Some shops will allow you to exchange goods without a receipt, but they can refuse to should they wish.
If the goods are faulty, however, another proof of purchase such as a bank statement should work just as well.
If you attempt to return goods within four weeks of the purchase, your chances of getting a full refund are much higher as you can argue that you have not "accepted" them.
After this point, you can only really expect an exchange, repair or part-refund.
The updated Consumer Credit Act states that card companies are jointly and severally liable for credit card purchases of between £100 and £60,260 (whether or not you paid just a deposit or the whole amount on your card).
Anyone spending between these amounts on their credit card is therefore protected if the retailer or service provider goes bust, their online shopping never arrives or the items in question are faulty or not as described.
Start by writing to the agency asking it to either remove or change the entry that you think is wrong. It will investigate the matter and find out whether you have been the victim of ID theft or a bank's mistake.
Within 28 days from receipt of your letter the agency should tell you how the bank has responded. If the bank agrees to change the entry, they will authorise the agency to update their records. They should also send updates to any other credit reference agencies they use.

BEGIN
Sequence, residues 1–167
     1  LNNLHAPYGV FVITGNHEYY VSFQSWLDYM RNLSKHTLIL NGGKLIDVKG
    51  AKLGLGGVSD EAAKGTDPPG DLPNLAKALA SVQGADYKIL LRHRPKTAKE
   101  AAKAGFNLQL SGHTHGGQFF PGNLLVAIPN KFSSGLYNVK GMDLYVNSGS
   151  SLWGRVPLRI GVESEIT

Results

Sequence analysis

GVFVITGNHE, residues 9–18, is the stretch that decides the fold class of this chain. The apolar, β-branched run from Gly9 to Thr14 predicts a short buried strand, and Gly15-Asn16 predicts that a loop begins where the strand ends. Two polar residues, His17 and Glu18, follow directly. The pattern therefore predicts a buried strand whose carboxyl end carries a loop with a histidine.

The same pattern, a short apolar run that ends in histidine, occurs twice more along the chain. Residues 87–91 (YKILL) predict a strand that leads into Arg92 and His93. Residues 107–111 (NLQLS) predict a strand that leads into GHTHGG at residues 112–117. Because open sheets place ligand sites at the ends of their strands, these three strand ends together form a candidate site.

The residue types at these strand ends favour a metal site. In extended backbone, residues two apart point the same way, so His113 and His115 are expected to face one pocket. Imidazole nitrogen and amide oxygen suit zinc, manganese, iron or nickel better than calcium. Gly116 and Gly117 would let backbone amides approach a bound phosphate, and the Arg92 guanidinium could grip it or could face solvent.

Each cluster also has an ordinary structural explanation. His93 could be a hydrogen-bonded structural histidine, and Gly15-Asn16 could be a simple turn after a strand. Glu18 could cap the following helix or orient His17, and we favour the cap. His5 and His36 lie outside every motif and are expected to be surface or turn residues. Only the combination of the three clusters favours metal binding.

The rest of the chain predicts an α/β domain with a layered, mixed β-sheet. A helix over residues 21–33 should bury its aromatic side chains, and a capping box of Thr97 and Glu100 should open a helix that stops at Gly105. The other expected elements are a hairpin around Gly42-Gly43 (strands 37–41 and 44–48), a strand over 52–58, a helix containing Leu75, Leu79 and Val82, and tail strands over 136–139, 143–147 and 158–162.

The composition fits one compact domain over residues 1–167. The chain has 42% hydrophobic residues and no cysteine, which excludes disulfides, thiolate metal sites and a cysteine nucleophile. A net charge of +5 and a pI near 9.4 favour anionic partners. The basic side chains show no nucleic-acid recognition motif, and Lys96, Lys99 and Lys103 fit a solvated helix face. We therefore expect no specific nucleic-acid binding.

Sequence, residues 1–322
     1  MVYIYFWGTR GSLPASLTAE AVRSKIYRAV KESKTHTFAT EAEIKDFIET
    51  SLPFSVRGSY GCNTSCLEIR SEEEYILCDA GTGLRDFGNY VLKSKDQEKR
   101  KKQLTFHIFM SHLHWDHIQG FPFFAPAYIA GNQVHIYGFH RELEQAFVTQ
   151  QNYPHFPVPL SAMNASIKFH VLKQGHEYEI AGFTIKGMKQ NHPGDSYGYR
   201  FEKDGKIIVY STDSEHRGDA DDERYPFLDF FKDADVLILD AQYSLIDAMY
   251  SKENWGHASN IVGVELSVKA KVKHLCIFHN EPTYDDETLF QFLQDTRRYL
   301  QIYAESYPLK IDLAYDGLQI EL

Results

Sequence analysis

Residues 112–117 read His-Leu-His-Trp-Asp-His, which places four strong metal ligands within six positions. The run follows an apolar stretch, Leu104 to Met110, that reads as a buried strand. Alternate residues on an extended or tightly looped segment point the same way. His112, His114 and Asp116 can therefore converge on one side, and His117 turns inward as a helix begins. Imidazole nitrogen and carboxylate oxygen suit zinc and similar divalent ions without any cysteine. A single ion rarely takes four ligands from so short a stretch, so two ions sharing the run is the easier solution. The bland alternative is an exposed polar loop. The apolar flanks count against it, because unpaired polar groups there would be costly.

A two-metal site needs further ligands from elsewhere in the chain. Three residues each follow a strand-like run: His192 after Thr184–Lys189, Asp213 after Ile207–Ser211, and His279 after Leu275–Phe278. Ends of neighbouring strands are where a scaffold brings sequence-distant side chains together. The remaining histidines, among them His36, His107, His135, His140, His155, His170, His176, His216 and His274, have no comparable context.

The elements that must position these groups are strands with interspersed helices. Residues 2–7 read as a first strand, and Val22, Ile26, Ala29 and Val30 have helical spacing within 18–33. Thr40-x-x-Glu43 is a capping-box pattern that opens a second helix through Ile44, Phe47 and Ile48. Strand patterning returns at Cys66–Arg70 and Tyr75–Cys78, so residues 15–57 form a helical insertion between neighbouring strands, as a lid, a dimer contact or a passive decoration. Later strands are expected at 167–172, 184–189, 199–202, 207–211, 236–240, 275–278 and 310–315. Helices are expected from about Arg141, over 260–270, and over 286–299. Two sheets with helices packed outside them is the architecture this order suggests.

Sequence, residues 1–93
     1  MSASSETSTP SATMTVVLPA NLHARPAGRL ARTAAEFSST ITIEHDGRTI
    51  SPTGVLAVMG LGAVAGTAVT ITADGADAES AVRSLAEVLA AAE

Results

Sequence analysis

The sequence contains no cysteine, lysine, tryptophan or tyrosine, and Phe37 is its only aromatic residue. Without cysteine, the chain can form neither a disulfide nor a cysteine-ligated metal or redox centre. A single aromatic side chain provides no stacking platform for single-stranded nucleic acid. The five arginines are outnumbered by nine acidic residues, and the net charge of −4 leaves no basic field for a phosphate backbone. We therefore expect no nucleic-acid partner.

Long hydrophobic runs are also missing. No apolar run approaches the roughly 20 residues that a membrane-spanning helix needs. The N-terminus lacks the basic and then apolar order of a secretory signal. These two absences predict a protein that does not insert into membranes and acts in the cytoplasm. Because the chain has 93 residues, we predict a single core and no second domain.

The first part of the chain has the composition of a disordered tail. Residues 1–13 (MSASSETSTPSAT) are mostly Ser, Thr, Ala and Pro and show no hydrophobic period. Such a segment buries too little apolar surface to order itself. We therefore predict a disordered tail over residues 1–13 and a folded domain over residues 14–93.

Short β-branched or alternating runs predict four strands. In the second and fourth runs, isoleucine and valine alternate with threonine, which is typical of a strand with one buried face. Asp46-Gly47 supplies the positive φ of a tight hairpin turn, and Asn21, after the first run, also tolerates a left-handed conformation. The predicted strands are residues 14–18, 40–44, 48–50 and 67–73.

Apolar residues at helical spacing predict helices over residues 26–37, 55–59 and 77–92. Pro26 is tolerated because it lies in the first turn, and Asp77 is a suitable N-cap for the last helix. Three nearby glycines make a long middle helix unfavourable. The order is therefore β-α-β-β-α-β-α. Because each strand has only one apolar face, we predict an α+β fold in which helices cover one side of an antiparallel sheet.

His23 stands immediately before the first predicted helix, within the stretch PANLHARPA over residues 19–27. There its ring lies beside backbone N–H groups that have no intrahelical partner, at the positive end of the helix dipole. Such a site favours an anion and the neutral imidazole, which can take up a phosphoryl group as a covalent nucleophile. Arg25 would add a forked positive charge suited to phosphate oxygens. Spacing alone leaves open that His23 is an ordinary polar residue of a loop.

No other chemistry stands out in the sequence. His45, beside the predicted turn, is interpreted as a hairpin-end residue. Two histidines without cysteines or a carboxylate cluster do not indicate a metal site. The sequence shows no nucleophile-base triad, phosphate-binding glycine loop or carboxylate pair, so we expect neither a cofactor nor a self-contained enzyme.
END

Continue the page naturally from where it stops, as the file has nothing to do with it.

You can also contact your lender directly to query a mistake. If the lender agrees to the discrepancy, ask them to confirm this in writing on their letterhead and send a copy to the agency, asking them to update your file.
The FOS settles disputes between financial companies such as banks and consumers.
If a financial organisation rejects a complaint you make about its services, you can therefore escalate that complaint to the FOS - as long as you have given the company in question at least eight weeks to respond.
The FOS will then investigate the case, and could force the company to offer you compensation should it see fit.
Bailiffs are allowed to take some of your belongings to sell on to cover certain debts, including unpaid Council Tax and parking fines.
They can, for example, take so-called luxury items such as TVs or games consoles. However, they cannot take essentials such as fridges or clothes.
What's more, they can only generally enter your home to take your stuff if you leave a door or window open or invite them in.
You are therefore within your rights to refuse them access and to ask for related documents such as proof of their identity. If they try to force their way in, you can also call the police to stop them.
Private sector debt collectors do not have the same powers as bailiffs, whatever they tell you.
They cannot, for example, enter your home and take your possessions in lieu of payment.
In fact, they can only write, phone, or visit your home to talk to you about paying back the debt. As with bailiffs, you can also call the police if you feel physically threatened.
Thanks to the Distance Selling Regulations, you actually have more rights buying online or by phone than on the High Street.
You can, for example, send most goods back within a week, for a full refund (including outward delivery costs), even if there's no fault.
You will usually need to pay for the return delivery, though. The seller must then refund you within 30 days.
We enter into contracts all the time, whether it be to join a gym, switch energy supplier or take out a loan.
In most cases, once you've signed a contract, you are legally bound by it. In some situations, however, you have the right to cancel it within a certain timeframe.
Credit agreements, for example, can be cancelled within 14 days. And online retailers must tell you about your cancellation rights for any contract made up to stand up legally.